Pieta, by Michelangelo
( Originally Published Early 1900's )
This is one of Michelangelo's earliest works, and while it lacks the bold heroic stroke and balanced pro-portions that characterize his later achievements as a sculptor, it reveals, as in a prophecy, those unrivaled powers which have won the admiration of the world of art.
As a matter of criticism, the form of the Saviour, as compared with that of the Virgin Mary, is much too small; and yet the requirements of the posture of our Lord probably account for this, as well as for the fact that the artist conceived of the body as greatly emaciated, although, if this be so, he has not brought it out very clearly in his work, except in the shoulder. and arm of the dead Christ. And then, those two tawdry bronze cherubs do not add to the dignity and sublimity of the group.
In our limited view, shutting out all else but the statuary itself, we see it to far better advantage than we should if we beheld it dwarfed and greatly over-shadowed by the massive architecture above and around it.
But criticise it as you will, it yet remains the greatest work of art in St. Peter's, and one of the most exquisite and touching in all the world, expressing in the lifeless form the terrible suffering through which the Saviour passed, and the complete rest that followed death. It speaks, too, and that in a marvelous way, of the soul-wrenching grief of the mother - for a sadder face was never cut in stone, not lighted even by the hope of resurrection or the coming of future glory - just such a grief as many a mother has felt over the loss of her own. .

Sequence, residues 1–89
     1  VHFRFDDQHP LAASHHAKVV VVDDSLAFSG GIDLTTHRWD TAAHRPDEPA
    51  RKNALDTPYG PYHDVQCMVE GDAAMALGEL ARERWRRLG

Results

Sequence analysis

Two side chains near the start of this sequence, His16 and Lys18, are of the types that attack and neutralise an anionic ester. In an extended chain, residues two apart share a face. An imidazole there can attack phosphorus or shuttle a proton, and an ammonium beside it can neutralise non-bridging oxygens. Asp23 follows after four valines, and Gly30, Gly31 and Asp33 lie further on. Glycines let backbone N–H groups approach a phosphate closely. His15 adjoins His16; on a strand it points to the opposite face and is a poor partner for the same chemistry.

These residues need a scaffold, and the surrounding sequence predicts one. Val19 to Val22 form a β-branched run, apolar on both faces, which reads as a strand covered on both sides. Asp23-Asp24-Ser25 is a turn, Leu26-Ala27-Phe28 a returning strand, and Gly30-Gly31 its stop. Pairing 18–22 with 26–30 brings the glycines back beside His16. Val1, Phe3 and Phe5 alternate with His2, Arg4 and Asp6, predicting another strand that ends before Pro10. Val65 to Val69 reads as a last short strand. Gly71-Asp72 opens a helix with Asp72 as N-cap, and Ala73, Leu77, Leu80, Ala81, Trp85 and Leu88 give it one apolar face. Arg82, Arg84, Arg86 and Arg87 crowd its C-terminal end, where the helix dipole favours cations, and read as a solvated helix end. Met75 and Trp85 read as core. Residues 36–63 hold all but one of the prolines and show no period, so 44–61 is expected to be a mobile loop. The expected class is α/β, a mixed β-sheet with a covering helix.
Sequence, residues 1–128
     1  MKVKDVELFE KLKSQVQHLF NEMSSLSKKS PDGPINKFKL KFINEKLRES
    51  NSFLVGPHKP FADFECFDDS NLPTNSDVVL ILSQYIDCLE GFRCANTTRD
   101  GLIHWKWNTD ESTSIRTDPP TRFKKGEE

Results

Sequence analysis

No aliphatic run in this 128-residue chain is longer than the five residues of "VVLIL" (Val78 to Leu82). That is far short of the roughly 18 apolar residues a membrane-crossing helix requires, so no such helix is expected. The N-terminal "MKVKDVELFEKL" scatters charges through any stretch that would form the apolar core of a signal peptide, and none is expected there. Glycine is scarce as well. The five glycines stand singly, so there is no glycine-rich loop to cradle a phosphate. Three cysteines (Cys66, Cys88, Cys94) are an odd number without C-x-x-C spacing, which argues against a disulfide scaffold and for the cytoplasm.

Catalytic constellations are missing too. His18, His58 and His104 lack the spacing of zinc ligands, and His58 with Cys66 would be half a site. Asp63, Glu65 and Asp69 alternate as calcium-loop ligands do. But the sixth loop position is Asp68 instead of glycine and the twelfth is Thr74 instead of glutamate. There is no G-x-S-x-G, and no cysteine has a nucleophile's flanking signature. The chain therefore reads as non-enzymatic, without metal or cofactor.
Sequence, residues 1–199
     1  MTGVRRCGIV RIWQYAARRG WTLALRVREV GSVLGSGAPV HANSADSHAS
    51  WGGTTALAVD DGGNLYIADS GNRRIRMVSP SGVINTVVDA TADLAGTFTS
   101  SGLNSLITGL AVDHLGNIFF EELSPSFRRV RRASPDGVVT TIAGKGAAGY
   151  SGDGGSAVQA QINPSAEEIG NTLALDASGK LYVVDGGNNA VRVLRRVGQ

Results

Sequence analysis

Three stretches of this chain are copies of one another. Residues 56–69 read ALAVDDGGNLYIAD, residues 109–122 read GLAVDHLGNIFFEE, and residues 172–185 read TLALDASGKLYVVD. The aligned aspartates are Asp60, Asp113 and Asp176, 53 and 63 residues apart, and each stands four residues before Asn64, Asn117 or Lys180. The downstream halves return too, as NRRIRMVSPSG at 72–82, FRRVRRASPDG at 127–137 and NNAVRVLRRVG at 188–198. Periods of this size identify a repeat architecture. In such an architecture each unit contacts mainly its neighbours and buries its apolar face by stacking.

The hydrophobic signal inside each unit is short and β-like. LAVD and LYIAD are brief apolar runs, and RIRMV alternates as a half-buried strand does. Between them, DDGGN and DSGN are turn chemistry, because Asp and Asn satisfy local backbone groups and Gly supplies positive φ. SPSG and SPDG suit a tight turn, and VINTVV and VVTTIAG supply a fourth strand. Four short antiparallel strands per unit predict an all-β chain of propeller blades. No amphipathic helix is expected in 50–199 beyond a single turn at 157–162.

The walls of this chapel are faced with slabs of colored marble, taken from the earlier church, but the workmanship, as you can see by examining the wall to the left of the statue, is not good and the marble is sadly in need of repair. As in all the other chapels, so here, there is an altar with its bronze crucifix and candles.
In this same chapel stands a curiously wrought column, which is protected by an iron cage. It is called the Colonna Santa, the holy pillar, and it is said to be the one against which Christ used to lean when, in the temple court at Jerusalem, he taught the people. It is of Roman origin and belongs to the third century. In the middle ages it was known as the Colonna degli Spiritati, and to it were bound persons believed to be possessed with evil spirits, which were exorcised by prayers and holy water.
A witty story is told in connection with this pillar, how one of the servants of the Vatican cheated a poor fisherman, and when he was pursued to the very doors of St. Peter's by the outraged man, whose indignation was great and who gave full vent to his anger, the servant turned and handed him over to the sacristan of the church to be bound to the pillar and cured of his supposed possession by wearisome prayers and by a copious application of holy water.
We now leave the church, and before entering the Vatican, shall stop on the south side of the spacious area where the two magnificent fountains are in action and look up to the Pope's home. On the map our position and field of vision are given by the number 13 in a circle on the southern side of the Piazza di S. Pietro and the two lines which extend toward the northwest.